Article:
It got to the point in a recent Test match where the commentators were actually saying on air that the players would be better off not referring a decision made by Richard Kettleborough (because he tended to get it right) and to save their referrals for the other umpire instead
If the umpires get it wrong more than x number of times within a specified time frame, how about if both teams get a referral back for that period? It doesn't seem fair otherwise that umpires are allowed to make mistake after mistake and there are no immediate on-field penalties. It got to the point in a recent Test match where the commentators were actually saying on air that the players would be better off not referring a decision made by Richard Kettleborough (because he tended to get it right) and to save their referrals for the other umpire instead. Surely it is a sign that the system is flawed when teams are making strategic decisions about which umpire to target?
If an umpire was allowed to ask for a review for lbws and snicks (like they do for run out or stumped), he then makes the correct decision and it eliminates the need for each team to have a quota. Maybe give them one referral per innings, to deal with the absolute shocker, but if they get it wrong, a serious penalty - 25 runs? - is levied.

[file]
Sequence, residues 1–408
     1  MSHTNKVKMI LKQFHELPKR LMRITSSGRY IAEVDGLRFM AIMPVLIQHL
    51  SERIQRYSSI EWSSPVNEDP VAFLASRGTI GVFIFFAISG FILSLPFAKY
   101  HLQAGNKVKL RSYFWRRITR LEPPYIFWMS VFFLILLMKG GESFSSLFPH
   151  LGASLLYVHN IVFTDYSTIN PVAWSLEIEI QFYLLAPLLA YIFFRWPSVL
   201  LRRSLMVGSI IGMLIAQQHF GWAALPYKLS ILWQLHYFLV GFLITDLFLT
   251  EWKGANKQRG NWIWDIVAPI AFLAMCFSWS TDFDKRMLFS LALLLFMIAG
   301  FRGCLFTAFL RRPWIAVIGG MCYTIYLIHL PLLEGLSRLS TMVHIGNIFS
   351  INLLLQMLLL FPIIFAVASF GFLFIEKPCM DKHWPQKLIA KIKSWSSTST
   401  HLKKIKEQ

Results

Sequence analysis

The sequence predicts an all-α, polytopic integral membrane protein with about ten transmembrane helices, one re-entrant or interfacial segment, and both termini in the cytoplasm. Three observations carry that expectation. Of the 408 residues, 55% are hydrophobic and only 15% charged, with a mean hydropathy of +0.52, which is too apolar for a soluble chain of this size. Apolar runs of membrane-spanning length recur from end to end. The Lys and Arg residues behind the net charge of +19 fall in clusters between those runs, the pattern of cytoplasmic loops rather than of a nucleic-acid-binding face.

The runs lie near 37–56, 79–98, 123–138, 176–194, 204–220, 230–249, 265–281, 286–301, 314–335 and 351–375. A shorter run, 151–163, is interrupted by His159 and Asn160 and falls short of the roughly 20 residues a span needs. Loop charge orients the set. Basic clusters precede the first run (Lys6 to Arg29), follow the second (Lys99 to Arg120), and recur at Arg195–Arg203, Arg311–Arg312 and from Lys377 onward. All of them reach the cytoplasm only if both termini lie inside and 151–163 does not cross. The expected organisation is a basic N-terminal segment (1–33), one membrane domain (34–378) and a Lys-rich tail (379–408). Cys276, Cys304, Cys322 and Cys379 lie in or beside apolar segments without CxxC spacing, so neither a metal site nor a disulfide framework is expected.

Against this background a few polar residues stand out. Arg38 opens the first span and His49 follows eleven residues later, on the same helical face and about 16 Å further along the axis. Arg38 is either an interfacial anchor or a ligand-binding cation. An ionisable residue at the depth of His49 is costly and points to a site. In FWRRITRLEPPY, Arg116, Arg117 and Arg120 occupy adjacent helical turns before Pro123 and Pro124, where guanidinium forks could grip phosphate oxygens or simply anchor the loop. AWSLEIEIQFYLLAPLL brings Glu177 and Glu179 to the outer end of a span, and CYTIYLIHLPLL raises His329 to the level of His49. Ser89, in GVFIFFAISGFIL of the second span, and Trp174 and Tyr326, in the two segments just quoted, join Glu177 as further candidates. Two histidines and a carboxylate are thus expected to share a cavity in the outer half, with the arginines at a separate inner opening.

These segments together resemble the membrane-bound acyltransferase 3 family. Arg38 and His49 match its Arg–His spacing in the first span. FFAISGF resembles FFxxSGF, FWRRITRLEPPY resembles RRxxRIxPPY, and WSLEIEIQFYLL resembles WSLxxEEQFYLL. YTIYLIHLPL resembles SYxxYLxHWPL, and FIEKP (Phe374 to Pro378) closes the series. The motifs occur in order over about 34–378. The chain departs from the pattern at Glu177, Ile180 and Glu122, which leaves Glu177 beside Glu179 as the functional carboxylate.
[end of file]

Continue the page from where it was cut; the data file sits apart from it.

Then there's the other ridiculous rule that if the batsman leaves the field of play, he cannot be recalled. Given that so many of cricket's other antiquated laws have changed, this remains a dinosaur in a post-Jurassic world. Surely if there is clear evidence that the batsman should be recalled, why does it matter if he's halfway to the dressing room? The integrity of the correct decision is surely more important than some law from a bygone era that is no longer relevant in a sport where we are now allowed concussion substitutes, and soon even red cards. Another aspect of such situations is that they also have the potential to create bad blood and inflame tensions, especially in the case of fielders claiming low catches, when batsmen are asked to hang around until inconclusive replays are adjudicated on - with the fielding team then rounding on the batsman for supposedly not taking the fielder's word that it was a fair catch.